So Why Do We Keep Doing Science?

Science is a curious beast. On the one hand, it’s easy to love in a world that’s very wrapped up in STEM education and has seen firsthand the benefits of science’s practical applications, like smart phones, airplanes, and advanced medicine. However, it’s also sometimes difficult to justify scientific moonshots to the broader community when these moonshots involve the spending of taxpayer dollars, as a great many do. As the current administration, one notably less willing to embrace scientific endeavor than the previous, settles into the Whitehouse, its more important than ever that we answer the question of why we should pursue wildly optimistic scientific endeavors convincingly. At the end of the day, though, the answer is simple: it’s in our own best interests.

For one, the answering of unanswered questions leads to the invention of uninvented technologies. The space race alone provided us with Satellite TV, Laptops, and smoke detectors. The microwave was invented by a man studying radars, and the pacemaker was created during an attempt to create a listening device. When we strive for something that we must push our limits to discover, those limits will be pushed, and we end up with technology that has much broader applications than its initial use. Those practical applications of science we love are so often the direct results of wildly ambitious endeavors, and even the most tangential and unrealistic scientific pursuits can have profound impacts on our daily lives.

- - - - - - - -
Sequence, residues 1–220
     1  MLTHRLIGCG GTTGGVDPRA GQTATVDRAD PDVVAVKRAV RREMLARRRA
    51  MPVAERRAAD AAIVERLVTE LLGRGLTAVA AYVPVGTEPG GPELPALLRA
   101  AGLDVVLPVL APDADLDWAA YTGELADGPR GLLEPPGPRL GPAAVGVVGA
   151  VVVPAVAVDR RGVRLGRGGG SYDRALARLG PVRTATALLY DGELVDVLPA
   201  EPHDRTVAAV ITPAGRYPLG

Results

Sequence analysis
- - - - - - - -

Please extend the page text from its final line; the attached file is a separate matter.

Even if there are no accidental benefits of the exploration, though, we ought to explore. Even if the only thing we obtained from the race to the moon was a detailed knowledge of the composition of moon dust, we should have raced there. Even if the only thing we gain from studying the depths of our own genetic code is a deep understand the pattern of proteins that gives us life, we should study it. Even if the only thing we gain from exploring the seas is an appreciation for the myriad beasts that call it home, we should explore them. Knowledge is valuable not just because it can benefit us but for its own sake as well, and we should treat it as such.

Perhaps more than for any other reason though, we ought to pursue the moonshot, wild-goose-chase, how-the-hell-do-we-do-this goals to prove that we can. We ought to push the limits of what we can accomplish because pushing those limits is something worth doing. We ought to see just what we can do because knowing what we can do is import in and of itself. We ought to chase the impossible to see just how much is possible. We should pursue the wildly ambitious and great becasue it brings out the great in us, and what could be more worth doing than that?

With excitement and optimism,